Even if you are going on your second, third or twenty-seventh date, with a new person, it is always a first date. So it might be useful to brush up a little on your dating skills.
You have already done most of the work – you have contacted someone, talked to them on the phone and set up a date when the two of you will meet. So you are actually going on your first date now. You can do much to prepare for your date and to make the date a pleasant one (and hopefully secure a follow-up date).
For your first date, you do not want a lot of pressure so take it lightly. Lunch is a good option; it usually lasts one to two hours and there is no obligation to stick around if you are not comfortable. If things run smoothly, you can still go on to somewhere else.
If you choose to go out for dinner, make sure the restaurant you pick will not dim the lights and soften the music if you did not plan the date to be a romantic one.
Silence makes many people feel uneasy but you can avoid most of the awkwardness by doing a little preparation. Why not read a one or two newspapers to brush-up on celebrity gossip and current affairs? This will give you plenty of material to keep a conversation going comfortably.
To prepare for your date, it may be helpful to jot down four or five interesting topics and keep them handy. Most probably, you will find that you do not need them; just knowing that they're there is enough to give you confidence.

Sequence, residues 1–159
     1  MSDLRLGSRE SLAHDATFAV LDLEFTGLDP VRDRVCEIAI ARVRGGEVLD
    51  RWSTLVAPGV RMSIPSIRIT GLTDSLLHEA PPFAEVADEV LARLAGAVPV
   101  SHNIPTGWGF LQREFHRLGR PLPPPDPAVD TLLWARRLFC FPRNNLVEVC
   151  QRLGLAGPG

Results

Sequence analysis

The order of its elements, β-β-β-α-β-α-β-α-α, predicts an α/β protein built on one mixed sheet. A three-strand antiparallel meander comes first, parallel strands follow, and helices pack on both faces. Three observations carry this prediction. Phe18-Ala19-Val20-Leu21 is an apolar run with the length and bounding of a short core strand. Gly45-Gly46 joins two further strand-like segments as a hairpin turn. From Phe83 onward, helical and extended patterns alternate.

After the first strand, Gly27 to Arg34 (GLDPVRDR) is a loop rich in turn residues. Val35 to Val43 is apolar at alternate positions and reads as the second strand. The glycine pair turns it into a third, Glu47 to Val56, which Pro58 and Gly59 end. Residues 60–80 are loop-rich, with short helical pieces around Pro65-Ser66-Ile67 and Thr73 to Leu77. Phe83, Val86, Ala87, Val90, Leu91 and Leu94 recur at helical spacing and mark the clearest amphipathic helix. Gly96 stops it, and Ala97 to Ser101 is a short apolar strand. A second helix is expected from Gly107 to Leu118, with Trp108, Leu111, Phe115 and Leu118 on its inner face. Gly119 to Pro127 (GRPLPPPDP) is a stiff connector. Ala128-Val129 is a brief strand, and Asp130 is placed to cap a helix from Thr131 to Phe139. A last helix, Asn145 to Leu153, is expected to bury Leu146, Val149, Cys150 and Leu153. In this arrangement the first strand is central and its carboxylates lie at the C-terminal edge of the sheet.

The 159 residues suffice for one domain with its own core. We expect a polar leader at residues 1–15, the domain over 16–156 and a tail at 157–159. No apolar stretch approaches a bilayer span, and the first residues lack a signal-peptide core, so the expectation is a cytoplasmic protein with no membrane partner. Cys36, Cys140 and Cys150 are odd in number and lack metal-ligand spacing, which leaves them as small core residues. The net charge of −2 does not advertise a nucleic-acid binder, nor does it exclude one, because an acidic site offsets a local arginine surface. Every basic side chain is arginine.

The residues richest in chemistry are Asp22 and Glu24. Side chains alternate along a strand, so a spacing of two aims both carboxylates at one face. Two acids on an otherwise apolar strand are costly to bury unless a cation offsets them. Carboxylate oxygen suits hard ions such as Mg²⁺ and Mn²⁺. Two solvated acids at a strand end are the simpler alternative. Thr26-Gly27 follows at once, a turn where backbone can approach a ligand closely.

The beginning can be the most difficult part of all. Jot down two or three things you could say at the start of your conversation, possible an ice-breaking joke (make sure it is not derisive to the person you are meeting, their culture or someone they like), or something funny about how you got to the meeting site. It may even be useful to prepare a beginning, middle and end for the conversation on your first date.
You could ask them a question about the menu, foods or wine they like or their work and if they enjoy it.
What would you like to drink?
Do you fancy wine with your meal?
Is there anything on the menu you have never had before and would be curious to try?
Where do you live? Did it take you long to get here?
What kind of work do you do? Do you like your job?
Why not ask a question about favorite pastimes, travel or anything they've mentioned previously that could be expanded on:
If you are still interested in the person you met, now is your time to secure a follow-up date. An opportune question to ask is:
What was the last movie you have been to? Anything on at the moment you would like to see? (No matter if you have seen it already, just say: "Oh I'd love to go to that"). If your date is interested, they may say something like: "Incidentally, I was planning to go and see it next week. You are welcome to join me."
Never mind if you do not like the movie they picked. The fact is you have secured a second date and when next week comes you can always say "I'm not in a cinema mood. How would you like going for a drink instead?"
Now stop reading and give your new dating skills a test!